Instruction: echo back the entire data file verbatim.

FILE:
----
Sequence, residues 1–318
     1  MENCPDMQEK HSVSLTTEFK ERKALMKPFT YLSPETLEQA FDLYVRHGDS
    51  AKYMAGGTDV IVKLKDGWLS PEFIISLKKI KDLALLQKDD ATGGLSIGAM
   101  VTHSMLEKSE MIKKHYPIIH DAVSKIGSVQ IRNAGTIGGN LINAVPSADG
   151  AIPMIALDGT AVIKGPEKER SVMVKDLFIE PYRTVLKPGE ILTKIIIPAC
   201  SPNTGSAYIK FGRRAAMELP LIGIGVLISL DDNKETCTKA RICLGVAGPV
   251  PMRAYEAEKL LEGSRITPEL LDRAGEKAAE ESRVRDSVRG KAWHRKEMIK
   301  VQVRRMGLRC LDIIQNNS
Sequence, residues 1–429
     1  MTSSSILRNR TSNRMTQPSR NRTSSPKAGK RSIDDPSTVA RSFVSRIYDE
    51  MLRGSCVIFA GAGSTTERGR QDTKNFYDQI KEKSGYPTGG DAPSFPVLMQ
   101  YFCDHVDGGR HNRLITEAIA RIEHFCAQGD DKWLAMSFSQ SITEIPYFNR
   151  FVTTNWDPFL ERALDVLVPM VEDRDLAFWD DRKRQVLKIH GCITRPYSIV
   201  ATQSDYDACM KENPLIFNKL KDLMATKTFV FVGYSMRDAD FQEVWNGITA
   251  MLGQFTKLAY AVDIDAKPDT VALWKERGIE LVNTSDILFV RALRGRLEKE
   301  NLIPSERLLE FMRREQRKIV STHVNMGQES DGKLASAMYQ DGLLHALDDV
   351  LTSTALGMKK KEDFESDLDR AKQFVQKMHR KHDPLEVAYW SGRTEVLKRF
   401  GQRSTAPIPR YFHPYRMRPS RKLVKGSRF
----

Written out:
Sequence, residues 1–318
     1  MENCPDMQEK HSVSLTTEFK ERKALMKPFT YLSPETLEQA FDLYVRHGDS
    51  AKYMAGGTDV IVKLKDGWLS PEFIISLKKI KDLALLQKDD ATGGLSIGAM
   101  VTHSMLEKSE MIKKHYPIIH DAVSKIGSVQ IRNAGTIGGN LINAVPSADG
   151  AIPMIALDGT AVIKGPEKER SVMVKDLFIE PYRTVLKPGE ILTKIIIPAC
   201  SPNTGSAYIK FGRRAAMELP LIGIGVLISL DDNKETCTKA RICLGVAGPV
   251  PMRAYEAEKL LEGSRITPEL LDRAGEKAAE ESRVRDSVRG KAWHRKEMIK
   301  VQVRRMGLRC LDIIQNNS
Sequence, residues 1–429
     1  MTSSSILRNR TSNRMTQPSR NRTSSPKAGK RSIDDPSTVA RSFVSRIYDE
    51  MLRGSCVIFA GAGSTTERGR QDTKNFYDQI KEKSGYPTGG DAPSFPVLMQ
   101  YFCDHVDGGR HNRLITEAIA RIEHFCAQGD DKWLAMSFSQ SITEIPYFNR
   151  FVTTNWDPFL ERALDVLVPM VEDRDLAFWD DRKRQVLKIH GCITRPYSIV
   201  ATQSDYDACM KENPLIFNKL KDLMATKTFV FVGYSMRDAD FQEVWNGITA
   251  MLGQFTKLAY AVDIDAKPDT VALWKERGIE LVNTSDILFV RALRGRLEKE
   301  NLIPSERLLE FMRREQRKIV STHVNMGQES DGKLASAMYQ DGLLHALDDV
   351  LTSTALGMKK KEDFESDLDR AKQFVQKMHR KHDPLEVAYW SGRTEVLKRF
   401  GQRSTAPIPR YFHPYRMRPS RKLVKGSRF